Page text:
Secrets of Del Mar Canyon
By Gordon Clanton
Del Mar is blessed with a profusion of parks and open space. Sandwiched between two coastal lagoons (San Dieguito and Los Penasquitos), the smallest city in San Diego County and its neighbors and visitors enjoy the amenities of the perfectly groomed Seagrove Park and Powerhouse Park on the ocean side and the wilder, convoluted coastal shrub landscapes of Crest Canyon and the Torrey Pines Park Extension to the east.
The Torrey Pines State Beach and Natural Preserve abuts Del Mar on the south. Bluff-top trails with spectacular ocean views run along the rail route. Dozens of pocket parks dot the neighborhoods of Del Mar and a web of hidden trails and alleys invites exploration.
The Del Mar Canyon Preserve is a neglected gem in the abundant system of Del Mar parks. The preserve is located on the coast, west of Camino del Mar (aka Old US 101), near its intersection with Carmel Valley Road.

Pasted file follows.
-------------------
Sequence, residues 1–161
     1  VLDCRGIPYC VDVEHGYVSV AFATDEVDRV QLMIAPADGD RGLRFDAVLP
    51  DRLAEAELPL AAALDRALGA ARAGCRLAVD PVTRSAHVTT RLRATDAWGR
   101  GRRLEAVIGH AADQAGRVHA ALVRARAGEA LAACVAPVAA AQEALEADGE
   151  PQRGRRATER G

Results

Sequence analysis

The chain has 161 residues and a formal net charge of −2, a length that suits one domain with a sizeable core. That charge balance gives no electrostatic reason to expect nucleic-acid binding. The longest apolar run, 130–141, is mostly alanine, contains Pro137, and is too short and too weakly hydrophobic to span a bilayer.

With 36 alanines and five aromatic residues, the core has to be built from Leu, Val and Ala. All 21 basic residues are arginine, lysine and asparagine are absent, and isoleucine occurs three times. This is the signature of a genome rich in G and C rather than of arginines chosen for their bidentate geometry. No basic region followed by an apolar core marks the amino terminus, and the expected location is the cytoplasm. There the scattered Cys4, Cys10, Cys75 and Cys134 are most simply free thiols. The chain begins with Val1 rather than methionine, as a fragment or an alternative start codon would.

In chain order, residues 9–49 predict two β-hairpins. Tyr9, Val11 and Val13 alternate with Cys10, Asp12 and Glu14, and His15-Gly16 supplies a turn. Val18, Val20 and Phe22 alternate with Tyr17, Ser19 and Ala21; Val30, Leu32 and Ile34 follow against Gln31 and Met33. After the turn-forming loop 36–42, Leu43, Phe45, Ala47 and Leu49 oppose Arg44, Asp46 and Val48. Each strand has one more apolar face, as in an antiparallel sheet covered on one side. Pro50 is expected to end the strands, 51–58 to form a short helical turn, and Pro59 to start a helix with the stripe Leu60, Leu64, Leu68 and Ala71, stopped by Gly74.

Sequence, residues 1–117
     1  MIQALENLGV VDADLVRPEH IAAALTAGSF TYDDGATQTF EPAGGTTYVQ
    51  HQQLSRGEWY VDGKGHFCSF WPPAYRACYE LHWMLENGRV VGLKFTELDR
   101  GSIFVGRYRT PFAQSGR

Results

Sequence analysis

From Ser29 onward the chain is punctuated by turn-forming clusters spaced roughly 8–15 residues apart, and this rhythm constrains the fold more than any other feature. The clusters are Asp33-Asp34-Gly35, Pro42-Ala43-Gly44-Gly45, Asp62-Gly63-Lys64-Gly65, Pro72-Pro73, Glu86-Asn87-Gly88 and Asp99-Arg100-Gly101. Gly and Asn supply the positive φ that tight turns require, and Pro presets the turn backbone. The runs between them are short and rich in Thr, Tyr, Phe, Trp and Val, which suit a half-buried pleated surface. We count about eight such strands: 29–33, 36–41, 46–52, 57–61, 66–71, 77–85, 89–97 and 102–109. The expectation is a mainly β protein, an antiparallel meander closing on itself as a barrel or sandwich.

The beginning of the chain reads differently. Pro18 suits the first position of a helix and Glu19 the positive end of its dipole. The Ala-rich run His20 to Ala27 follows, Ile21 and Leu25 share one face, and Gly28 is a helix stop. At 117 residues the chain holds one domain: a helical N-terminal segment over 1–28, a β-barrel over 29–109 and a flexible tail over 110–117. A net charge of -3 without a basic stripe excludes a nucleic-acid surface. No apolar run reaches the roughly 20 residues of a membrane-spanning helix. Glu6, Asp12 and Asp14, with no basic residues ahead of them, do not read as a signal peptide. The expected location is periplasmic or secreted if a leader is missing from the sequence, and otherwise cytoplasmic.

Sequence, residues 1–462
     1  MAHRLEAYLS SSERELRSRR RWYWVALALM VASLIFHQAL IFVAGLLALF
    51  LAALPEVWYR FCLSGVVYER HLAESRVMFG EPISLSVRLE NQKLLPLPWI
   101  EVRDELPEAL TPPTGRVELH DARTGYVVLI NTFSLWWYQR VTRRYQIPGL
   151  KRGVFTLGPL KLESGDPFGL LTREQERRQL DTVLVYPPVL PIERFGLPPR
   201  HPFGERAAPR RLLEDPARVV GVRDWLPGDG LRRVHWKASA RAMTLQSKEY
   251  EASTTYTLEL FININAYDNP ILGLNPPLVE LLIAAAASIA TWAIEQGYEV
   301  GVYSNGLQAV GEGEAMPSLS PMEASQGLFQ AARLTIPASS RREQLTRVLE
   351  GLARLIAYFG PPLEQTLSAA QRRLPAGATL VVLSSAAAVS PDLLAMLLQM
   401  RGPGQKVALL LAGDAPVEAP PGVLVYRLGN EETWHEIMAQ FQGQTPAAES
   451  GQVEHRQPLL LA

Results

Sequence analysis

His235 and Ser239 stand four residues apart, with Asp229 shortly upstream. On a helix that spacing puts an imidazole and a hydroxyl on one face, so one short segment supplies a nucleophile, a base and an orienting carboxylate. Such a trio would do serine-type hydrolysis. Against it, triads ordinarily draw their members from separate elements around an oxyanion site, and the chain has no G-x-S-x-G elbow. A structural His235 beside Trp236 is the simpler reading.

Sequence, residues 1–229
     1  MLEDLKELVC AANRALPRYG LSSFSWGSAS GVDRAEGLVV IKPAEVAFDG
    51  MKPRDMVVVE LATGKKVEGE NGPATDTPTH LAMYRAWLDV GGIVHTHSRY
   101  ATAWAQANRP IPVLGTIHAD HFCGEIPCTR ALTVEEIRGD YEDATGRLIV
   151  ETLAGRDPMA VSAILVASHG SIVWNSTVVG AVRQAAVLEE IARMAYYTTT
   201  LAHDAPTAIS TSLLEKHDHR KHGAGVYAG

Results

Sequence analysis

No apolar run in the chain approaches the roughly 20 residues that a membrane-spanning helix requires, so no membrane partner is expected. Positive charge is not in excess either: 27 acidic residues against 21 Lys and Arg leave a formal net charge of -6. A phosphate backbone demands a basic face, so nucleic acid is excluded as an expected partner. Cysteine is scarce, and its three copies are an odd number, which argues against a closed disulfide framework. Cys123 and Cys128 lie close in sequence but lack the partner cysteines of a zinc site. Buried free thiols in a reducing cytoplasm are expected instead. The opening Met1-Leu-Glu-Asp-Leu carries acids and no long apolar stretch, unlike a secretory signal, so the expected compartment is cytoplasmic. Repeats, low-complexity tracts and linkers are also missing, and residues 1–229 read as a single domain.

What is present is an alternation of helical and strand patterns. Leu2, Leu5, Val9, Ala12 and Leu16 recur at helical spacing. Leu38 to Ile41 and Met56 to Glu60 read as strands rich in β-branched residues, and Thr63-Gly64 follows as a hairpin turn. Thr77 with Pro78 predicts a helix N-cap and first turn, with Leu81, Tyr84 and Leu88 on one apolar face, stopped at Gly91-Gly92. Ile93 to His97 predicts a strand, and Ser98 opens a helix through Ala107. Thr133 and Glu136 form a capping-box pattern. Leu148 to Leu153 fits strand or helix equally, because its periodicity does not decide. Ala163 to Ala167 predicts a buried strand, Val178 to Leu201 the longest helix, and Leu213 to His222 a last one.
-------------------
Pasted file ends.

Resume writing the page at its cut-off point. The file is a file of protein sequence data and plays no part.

Visitors can park free on the street near the intersection of Fourth Street and Stratford Court (at the foot of Del Mar Heights Road). Then walk south through the Del Mar Woods condos to a foot and bike path that brings you out onto Camino del Mar.
The canyon falls away dramatically on your right, a bowl-shaped wonderland of colorful eroded sandstone and green terraces. Two luxury homes and another under construction occupy the upper north slope of the canyon. For the truly adventurous, a steep and twisting dirt trail winds down to the bottom of bowl to a drainage tunnel that runs well beneath the railroad tracks, a wondrous portal that allows access to the beach.
South of the bowl, at road level, lies a triangle of sandstone bluff top some 300 yards long, honeycombed with social trails, studded with Torrey pines, accented with bright yellow bush sunflower (
Encelia californica), and offering breath-taking views of the Pacific. High-flying pelicans pass by at eye-level.
The 3.7-acre Del Mar Canyon Preserve, aka Anderson Canyon, was acquired in 1979 with Del Mar open space funds, federal grant money, and the support of the Bardocos and Garro families.
Evidence suggests that homeless persons may sometimes overnight under the low-lying pines near the south edge of the bowl — just across the canyon from some of the most expensive real estate in Del Mar.
Gordon Clanton teaches Sociology at San Diego State University.
He welcomes comments at email@example.com